p>In physics, energy is a property of objects which can be transferred to other objects or converted into different forms. The "ability of a system to perform work" is a common description, but it is misleading because energy is not necessarily available to do work.[not in citation given] For instance, in SI units, energy is measured in joules, and one joule is defined "mechanically", being the energy transferred to an object by the mechanical work of moving it a distance of 1 metre against a force of 1 newton.[note 1] However, there are many other definitions of energy, depending on the context, such as thermal energy, radiant energy, electromagnetic, nuclear, etc., where definitions are derived that are the most convenient.
Common energy forms include the kinetic energy of a moving object, the potential energy stored by an object's position in a force field (gravitational, electric or magnetic), the elastic energy stored by stretching solid objects, the chemical energy released when a fuel burns, the radiant energy carried by light, and the thermal energy due to an object's temperature. All of the many forms of energy are convertible to other kinds of energy. In Newtonian physics, there is a universal law of conservation of energy which says that energy can be neither created nor be destroyed; however, it can change from one form to another.
For "closed systems" with no external source or sink of energy, the first law of thermodynamics states that a system's energy is constant unless energy is transferred in or out by mechanical work or heat, and that no energy is lost in transfer. This means that it is impossible to create or destroy energy. While heat can always be fully converted into work in a reversible isothermal expansion of an ideal gas, for cyclic processes of practical interest in heat engines the second law of thermodynamics states that the system doing work always loses some energy as waste heat. This creates a limit to the amount of heat energy that can do work in a cyclic process, a limit called the available energy. Mechanical and other forms of energy can be transformed in the other direction into thermal energy without such limitations. The total energy of a system can be calculated by adding up all forms of energy in the system.
Examples of energy transformation include generating electric energy from heat energy via a steam turbine, or lifting an object against gravity using electrical energy driving a crane motor. Lifting against gravity performs mechanical work on the object and stores gravitational potential energy in the object. If the object falls to the ground, gravity does mechanical work on the object which transforms the potential energy in the gravitational field to the kinetic energy released as heat on impact with the ground. Our Sun transforms nuclear potential energy to other forms of energy; its total mass does not decrease due to that in itself (since it still contains the same total energy even if in different forms), but its mass does decrease when the energy escapes out to its surroundings, largely as radiant energy.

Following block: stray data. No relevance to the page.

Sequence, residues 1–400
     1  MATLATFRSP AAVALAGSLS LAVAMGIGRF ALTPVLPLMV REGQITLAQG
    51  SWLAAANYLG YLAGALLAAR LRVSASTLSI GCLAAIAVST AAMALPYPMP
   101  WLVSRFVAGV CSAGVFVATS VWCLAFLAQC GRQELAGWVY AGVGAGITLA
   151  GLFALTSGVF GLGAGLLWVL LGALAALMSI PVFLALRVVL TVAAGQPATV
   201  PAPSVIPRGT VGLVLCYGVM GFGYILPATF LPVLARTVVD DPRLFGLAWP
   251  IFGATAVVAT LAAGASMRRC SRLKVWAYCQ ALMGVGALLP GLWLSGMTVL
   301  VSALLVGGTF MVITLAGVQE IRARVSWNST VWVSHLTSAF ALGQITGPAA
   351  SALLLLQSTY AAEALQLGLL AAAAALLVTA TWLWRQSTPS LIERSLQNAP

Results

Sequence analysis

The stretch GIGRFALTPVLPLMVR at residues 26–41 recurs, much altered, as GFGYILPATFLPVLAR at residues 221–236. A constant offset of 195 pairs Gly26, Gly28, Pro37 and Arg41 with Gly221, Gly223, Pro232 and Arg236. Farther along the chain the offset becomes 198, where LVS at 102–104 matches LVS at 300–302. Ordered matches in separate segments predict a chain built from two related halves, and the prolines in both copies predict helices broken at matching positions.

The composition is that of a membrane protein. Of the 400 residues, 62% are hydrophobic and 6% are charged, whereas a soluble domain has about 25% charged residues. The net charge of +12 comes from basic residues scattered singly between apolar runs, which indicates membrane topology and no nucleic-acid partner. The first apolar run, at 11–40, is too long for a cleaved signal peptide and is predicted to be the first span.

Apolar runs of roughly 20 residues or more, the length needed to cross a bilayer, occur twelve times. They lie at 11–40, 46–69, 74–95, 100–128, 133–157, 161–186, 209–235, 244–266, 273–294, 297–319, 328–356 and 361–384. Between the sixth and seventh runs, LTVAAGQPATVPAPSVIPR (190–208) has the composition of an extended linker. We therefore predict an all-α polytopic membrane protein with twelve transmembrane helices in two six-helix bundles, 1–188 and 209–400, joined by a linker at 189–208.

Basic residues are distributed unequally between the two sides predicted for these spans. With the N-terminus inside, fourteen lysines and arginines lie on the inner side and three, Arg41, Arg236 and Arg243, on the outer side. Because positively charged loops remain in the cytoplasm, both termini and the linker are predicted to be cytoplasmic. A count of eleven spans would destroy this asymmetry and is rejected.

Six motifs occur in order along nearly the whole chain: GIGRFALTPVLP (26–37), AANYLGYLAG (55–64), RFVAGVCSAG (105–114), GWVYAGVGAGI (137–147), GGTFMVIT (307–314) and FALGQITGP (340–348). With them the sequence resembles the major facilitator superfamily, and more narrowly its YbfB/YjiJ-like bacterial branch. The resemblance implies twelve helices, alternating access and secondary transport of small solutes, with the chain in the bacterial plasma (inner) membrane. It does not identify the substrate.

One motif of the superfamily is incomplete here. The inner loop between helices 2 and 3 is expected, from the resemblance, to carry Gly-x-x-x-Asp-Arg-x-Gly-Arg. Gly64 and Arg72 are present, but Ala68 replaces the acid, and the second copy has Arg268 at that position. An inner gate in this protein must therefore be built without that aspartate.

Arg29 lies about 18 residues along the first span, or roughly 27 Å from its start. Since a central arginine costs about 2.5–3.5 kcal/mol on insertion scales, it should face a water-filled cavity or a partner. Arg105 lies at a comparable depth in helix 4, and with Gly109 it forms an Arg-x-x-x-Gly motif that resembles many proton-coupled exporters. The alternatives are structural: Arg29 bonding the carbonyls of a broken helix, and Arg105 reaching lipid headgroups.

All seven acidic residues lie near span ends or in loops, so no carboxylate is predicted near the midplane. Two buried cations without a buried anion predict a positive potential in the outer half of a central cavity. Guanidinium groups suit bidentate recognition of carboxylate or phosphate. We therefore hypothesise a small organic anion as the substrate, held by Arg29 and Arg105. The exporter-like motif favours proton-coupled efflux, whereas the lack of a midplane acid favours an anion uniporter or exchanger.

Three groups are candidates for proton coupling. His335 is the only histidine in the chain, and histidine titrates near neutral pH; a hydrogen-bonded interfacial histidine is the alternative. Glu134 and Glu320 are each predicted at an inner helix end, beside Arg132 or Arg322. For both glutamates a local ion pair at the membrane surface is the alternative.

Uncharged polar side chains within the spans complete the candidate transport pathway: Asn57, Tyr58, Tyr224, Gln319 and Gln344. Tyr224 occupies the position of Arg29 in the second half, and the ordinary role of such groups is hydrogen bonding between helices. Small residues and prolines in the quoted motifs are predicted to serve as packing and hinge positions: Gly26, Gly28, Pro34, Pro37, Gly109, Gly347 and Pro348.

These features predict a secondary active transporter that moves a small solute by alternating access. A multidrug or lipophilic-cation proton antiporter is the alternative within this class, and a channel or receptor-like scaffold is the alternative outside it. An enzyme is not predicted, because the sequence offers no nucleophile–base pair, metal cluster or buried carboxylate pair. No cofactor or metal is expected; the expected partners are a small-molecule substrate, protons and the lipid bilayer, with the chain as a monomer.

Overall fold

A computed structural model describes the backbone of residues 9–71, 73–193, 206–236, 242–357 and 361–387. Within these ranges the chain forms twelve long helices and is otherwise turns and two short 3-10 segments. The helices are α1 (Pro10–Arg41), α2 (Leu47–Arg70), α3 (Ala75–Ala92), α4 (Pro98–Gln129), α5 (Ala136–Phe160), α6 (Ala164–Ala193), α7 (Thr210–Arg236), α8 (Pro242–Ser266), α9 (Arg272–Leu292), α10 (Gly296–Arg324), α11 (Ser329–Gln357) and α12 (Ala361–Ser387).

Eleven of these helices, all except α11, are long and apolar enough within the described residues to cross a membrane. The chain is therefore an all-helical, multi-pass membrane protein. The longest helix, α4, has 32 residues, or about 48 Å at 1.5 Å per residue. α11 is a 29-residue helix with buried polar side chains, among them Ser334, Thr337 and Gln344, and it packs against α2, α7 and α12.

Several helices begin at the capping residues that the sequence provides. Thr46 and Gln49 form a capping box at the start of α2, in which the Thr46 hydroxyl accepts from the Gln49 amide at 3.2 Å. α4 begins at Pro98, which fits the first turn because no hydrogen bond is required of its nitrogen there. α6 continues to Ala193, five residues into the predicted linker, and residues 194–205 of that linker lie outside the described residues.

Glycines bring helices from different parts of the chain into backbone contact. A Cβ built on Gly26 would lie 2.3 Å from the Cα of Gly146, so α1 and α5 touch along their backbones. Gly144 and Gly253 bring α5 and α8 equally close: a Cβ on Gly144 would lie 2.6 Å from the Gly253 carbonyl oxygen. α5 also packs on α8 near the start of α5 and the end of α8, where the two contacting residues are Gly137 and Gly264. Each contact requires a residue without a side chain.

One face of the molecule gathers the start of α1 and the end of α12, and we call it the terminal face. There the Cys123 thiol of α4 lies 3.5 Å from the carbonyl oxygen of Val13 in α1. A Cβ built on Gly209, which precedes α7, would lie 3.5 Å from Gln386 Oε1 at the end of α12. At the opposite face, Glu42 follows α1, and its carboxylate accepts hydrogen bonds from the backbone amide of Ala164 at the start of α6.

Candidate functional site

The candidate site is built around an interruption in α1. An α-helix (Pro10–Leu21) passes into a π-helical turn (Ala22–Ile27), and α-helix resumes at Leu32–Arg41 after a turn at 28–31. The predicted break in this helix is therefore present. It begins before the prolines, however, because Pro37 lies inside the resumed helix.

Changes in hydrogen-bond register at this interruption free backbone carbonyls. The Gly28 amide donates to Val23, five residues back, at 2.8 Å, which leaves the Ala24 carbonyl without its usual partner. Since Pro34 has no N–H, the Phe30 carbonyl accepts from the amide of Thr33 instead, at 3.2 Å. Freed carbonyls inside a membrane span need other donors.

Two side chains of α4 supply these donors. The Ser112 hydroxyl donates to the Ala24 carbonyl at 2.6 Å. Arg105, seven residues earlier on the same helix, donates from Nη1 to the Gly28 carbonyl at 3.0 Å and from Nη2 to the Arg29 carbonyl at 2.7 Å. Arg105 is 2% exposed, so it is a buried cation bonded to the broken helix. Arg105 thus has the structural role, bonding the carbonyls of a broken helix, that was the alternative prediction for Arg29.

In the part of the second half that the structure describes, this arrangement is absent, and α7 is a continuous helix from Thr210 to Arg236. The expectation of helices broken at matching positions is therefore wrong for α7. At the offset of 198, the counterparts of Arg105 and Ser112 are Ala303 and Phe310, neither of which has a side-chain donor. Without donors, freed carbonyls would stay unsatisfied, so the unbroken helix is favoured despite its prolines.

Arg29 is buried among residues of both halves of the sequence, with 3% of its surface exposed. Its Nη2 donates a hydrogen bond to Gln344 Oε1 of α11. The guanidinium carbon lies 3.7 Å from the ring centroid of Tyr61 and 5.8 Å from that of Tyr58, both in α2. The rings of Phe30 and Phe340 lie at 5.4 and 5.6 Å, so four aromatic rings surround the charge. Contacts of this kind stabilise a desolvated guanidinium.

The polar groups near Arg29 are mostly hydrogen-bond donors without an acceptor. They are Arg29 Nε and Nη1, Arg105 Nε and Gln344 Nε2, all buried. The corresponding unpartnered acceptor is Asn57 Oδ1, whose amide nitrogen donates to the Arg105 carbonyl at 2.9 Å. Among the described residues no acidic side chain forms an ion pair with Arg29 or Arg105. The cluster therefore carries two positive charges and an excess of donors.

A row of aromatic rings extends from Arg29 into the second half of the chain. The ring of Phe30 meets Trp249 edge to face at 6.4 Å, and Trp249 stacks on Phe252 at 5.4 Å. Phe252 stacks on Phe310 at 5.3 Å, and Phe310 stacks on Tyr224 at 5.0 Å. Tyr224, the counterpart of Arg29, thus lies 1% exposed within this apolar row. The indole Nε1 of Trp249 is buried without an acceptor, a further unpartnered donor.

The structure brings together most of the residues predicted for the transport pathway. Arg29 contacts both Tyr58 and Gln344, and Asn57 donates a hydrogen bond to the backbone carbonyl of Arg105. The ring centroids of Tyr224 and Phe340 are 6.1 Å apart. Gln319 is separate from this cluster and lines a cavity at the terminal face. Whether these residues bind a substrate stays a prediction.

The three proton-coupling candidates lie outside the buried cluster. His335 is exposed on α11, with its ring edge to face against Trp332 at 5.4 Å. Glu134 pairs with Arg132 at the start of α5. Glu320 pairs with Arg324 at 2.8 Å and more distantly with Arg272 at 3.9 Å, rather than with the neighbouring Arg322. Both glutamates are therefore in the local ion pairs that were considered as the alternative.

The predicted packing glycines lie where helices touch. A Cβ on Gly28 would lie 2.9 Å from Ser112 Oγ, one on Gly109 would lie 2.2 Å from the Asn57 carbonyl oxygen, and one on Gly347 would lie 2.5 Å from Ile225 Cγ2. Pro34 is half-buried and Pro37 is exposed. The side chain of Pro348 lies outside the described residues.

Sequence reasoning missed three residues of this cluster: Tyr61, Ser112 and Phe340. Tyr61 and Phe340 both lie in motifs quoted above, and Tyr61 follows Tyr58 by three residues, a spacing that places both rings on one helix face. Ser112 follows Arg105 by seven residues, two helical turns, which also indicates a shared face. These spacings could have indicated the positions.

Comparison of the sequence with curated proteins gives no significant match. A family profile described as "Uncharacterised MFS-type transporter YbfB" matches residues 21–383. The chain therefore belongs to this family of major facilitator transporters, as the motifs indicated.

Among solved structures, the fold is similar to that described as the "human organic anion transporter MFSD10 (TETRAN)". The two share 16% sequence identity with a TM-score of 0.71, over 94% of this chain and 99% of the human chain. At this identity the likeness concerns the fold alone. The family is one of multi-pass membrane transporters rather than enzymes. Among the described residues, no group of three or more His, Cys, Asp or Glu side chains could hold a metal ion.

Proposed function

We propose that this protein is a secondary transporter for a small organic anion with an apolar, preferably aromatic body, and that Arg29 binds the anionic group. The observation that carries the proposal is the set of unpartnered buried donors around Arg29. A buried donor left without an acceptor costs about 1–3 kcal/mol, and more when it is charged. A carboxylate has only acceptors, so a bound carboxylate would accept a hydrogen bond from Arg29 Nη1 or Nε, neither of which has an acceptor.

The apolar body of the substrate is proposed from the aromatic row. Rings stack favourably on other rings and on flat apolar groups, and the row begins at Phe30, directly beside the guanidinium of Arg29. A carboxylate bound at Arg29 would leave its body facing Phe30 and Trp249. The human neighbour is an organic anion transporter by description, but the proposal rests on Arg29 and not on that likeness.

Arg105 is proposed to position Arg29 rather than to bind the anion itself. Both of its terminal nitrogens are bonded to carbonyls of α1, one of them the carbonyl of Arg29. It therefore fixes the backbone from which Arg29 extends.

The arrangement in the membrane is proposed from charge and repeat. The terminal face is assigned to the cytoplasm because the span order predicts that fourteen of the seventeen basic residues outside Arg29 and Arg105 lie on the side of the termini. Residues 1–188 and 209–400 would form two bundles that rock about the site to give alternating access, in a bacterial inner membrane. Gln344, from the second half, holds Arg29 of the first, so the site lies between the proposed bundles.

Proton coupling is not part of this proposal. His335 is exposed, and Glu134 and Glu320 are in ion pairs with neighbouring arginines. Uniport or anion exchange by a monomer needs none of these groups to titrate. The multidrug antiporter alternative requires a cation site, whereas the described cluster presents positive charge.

Mass and energy are closely related. According to the theory of mass–energy equivalence, any object that has mass when stationary in a frame of reference (called rest mass) also has an equivalent amount of energy whose form is called rest energy in that frame, and any additional energy acquired by the object above that rest energy will increase an object's mass. For example, with a sensitive enough scale, one could measure an increase in mass after heating an object.
Living organisms require available energy to stay alive, such as the energy humans get from food. Civilisation gets the energy it needs from energy resources such as fossil fuels, nuclear fuel, or renewable energy. The processes of Earth's climate and ecosystem are driven by the radiant energy Earth receives from the sun and the geothermal energy contained within the earth.
In biology, energy can be thought of as what's needed to keep entropy low.
The total energy of a system can be subdivided and classified in various ways. For example, classical mechanics distinguishes between kinetic energy, which is determined by an object's movement through space, and potential energy, which is a function of the position of an object within a field. It may also be convenient to distinguish gravitational energy, thermal energy, several types of nuclear energy (which utilize potentials from the nuclear force and the weak force), electric energy (from the electric field), and magnetic energy (from the magnetic field), among others. Many of these classifications overlap; for instance, thermal energy usually consists partly of kinetic and partly of potential energy.